Servicing Transfers and Pending Loan Modifications: What To Do When Your Mod Gets Lost in the Shuffle
In the past year, there has been a massive sell-off of mortgage servicing rights (MSRs), especially for nonperforming loans. In some cases, the transferor retains ownership of the MSRs and merely transfers subservicing to a new servicer. For example, in January 2013, Bank of America and Fannie Mae reached an agreement to transfer servicing for 941,000 loans from Bank of America to two specialty servicers.
Regardless of the form of transfer, borrowers in the loss mitigation process are experiencing significant disruptions as the result of servicing transfers.
In February, the Consumer Financial Protection Bureau (CFPB) expressed “heightened concern” in light of the heavy volume of transfers and the growing chorus of consumer complaints about “service interruptions when their loans are transferred during the loss mitigation process.”
In a bulletin, the CFPB explained:
It appears transferee servicers sometimes fail to honor the terms of trial loan modifications provided by predecessor servicers because relevant documents are not transferred to the transferee servicer, or the transferee servicer does not take adequate steps to identify mortgages subject to trial loan modifications.
In plain English, transferee servicers have made countless borrowers start the maddening loan modification process from scratch, claiming ignorance about pending applications, active trial period plans, and even completed permanent loan modifications. Borrowers who have never missed a payment suddenly find themselves facing foreclosure, and often there is little they can do.
So what is supposed to happen when servicing rights are transferred, and what can a borrower do when something goes wrong?
Existing Federal Law Has Limited Applicability
Although the Real Estate Settlement and Procedures Act (RESPA) has long contained notice provisions relating to servicing transfers, the requirements are not adequate to address most complaints relating to loan modifications.
RESPA applies only to servicing of federally related, first lien mortgages. When servicing of a covered loan is transferred, RESPA requires the transferor and the transferee servicer to give a written Notice of Transfer to the borrower 15 days prior to the transfer. In addition to contact information, the Notice must contain a statement that “the transfer of servicing does not affect any other term or condition of the mortgage documents.” During the 60-day period after the transfer, RESPA prohibits imposition of a late fee if the borrower mistakenly but timely makes payment to the transferor. See 12 C.F.R. § 1024.21.
None of these requirements, however, imposes an obligation to complete review of a pending loan modification application or an obligation to honor a trial period plan. A borrower can make a Qualified Written Request to dispute the failure to apply modified payments correctly or to request information about a modification, but RESPA falls short in imposing meaningful protections for borrowers who are in the middle of a workout.
As discussed below, new rules go into effect next January requiring servicers to adopt policies and procedures to protect borrowers during a servicing transfer, but it is too soon to tell if servicers will actually comply with those policies. Presently, servicer compliance with the policies of MHA and GSEs, federal and state laws, various settlement agreements, and consent orders has been woefully lacking. It is difficult to believe one more set of rules will finally tip the scales in favor of borrowers.
Servicing Transfers of HAMP Eligible Loans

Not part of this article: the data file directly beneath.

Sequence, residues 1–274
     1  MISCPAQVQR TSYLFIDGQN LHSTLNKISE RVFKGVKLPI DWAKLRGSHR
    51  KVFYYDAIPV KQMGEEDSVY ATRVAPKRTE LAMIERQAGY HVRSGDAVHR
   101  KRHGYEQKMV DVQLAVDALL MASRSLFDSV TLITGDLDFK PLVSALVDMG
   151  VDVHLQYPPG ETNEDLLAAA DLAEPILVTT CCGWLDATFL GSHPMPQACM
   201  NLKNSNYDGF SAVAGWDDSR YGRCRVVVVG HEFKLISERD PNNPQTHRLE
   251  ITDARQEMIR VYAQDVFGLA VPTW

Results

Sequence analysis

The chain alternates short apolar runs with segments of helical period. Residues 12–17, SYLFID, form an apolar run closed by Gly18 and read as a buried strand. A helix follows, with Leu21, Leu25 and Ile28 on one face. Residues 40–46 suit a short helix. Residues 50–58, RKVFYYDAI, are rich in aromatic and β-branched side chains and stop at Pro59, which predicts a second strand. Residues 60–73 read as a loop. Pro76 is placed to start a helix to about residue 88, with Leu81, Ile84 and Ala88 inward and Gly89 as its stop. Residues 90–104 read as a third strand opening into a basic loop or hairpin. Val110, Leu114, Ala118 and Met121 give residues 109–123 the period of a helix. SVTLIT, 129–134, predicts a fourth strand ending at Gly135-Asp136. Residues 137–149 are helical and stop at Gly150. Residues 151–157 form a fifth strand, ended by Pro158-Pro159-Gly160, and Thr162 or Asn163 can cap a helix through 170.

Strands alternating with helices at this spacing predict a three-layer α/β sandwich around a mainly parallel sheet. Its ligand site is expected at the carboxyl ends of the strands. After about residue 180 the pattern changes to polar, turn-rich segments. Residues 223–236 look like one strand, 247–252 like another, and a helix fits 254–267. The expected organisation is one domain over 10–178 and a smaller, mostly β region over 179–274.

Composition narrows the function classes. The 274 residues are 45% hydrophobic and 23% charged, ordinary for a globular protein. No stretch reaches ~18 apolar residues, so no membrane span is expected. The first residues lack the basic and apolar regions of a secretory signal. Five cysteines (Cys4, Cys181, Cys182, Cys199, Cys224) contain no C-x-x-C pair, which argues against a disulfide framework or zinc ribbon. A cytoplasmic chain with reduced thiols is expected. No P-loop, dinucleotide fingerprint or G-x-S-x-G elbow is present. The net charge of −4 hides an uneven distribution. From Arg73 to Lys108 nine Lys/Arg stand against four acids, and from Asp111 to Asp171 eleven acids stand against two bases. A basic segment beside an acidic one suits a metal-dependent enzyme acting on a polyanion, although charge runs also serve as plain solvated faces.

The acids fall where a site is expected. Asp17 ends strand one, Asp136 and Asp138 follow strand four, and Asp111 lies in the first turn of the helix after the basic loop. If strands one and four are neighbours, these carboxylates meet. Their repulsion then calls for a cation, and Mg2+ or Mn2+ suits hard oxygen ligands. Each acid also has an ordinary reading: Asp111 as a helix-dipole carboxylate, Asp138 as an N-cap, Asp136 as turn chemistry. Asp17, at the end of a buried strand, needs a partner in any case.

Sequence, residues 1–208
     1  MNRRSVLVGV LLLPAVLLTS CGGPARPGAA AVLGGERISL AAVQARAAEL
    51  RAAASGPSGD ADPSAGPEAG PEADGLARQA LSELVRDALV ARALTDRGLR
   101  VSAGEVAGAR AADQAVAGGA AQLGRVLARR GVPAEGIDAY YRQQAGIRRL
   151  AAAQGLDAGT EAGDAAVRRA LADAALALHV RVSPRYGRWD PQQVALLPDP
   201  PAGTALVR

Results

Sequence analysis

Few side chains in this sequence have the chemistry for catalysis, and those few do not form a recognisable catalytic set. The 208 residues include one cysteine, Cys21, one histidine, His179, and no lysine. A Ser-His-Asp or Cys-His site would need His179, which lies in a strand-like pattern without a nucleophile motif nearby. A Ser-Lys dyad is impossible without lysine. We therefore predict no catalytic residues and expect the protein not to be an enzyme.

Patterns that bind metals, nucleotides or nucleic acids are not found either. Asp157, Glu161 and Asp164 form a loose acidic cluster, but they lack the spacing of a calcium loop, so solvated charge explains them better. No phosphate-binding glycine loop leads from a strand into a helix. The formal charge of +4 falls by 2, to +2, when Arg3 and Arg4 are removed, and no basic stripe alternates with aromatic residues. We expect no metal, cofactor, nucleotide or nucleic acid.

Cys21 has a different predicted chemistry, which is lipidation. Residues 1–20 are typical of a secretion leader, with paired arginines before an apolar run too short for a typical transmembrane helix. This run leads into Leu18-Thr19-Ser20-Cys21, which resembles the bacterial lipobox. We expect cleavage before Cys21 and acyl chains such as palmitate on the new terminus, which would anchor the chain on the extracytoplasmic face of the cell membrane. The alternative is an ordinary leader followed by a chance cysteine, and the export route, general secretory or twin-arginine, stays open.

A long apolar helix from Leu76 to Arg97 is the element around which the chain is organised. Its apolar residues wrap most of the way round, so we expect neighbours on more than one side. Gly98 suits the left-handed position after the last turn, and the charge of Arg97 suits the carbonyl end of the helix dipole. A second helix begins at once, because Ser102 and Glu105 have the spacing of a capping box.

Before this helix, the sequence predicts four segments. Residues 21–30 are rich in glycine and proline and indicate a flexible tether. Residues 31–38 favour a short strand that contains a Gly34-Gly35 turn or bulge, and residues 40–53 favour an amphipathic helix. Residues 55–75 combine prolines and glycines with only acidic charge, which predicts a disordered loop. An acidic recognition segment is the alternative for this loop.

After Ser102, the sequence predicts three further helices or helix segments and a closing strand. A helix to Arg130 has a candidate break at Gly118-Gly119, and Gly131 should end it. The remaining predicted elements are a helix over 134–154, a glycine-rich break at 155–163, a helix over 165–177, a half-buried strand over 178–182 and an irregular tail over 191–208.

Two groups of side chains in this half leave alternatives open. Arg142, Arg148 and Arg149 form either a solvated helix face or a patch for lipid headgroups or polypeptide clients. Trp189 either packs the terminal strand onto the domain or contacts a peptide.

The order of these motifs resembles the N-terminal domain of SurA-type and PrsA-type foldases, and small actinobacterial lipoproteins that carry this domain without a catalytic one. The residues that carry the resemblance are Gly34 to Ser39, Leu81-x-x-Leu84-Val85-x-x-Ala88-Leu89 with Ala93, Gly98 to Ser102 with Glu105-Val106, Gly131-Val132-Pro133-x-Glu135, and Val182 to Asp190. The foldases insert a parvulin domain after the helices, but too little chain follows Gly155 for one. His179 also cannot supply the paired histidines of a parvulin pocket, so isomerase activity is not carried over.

Most large servicers and many small ones are participating servicers in the Making Home Affordable (MHA) program, which includes HAMP. Participating servicers must comply with specific guidelines to transfer servicing rights for HAMP eligible loans. The requirements are set forth in Section 1.4 of the MHA Handbook for Servicers of Non-GSE Loans.
Generally, a transferor may not use a transfer to avoid its obligations under HAMP. Instead, the transferee servicer must assume the transferor’s obligations under HAMP for all eligible loans. Servicers are supposed to complete the transfer “with as little disruption as possible to the borrower.” As it turns out, a significant amount of disruption is possible despite certain obligations imposed on both the transferor and transferee servicers.
For example, the transferor must timely convey accurate and complete “information, documentation and data” to the transferee about the loans. All data on transferred loans must be brought up to date and made complete in the HAMP Reporting Tool prior to transfer.
The transferee must have an internal quality control process to review the loans and confirm that all information has been received. Within 30 days after a transfer, the transferee servicer must notify the borrower in writing and provide a toll-free number and at least one other method for the borrower to directly contact the new relationship manager and to submit any documents.
When a transferred loan modified under HAMP is owned or guaranteed by Fannie Mae, additional requirements are imposed:
[T]he transferor servicer must advise the transferee servicer that mortgage loans modified under HAMP are part of the portfolio being transferred and must confirm that the transferee servicer is not only aware of the special requirements for these mortgage loans, but also agrees to assume the additional responsibilities associated with servicing these mortgage loans. The transferee servicer must assume all of the responsibilities and duties of HAMP.
Fannie Mae Single-Family Servicing Guide, chapter VII, sec. 609.07.04. That assumption of responsibilities does not release the transferor, who remains contractually liable to Fannie.
Of course, the MHA program imposes a great many other rules on participating servicers. In the absence of any meaningful oversight and enforcement by the Treasury Department and Fannie Mae, servicers have flagrantly ignored those rules, as too many borrowers can attest. Unfortunately, HAMP does not give injured borrowers an express right to enforce the rules and courts have routinely held that borrowers have no right to sue for HAMP violations, which would include violations of rules relating to servicing transfers.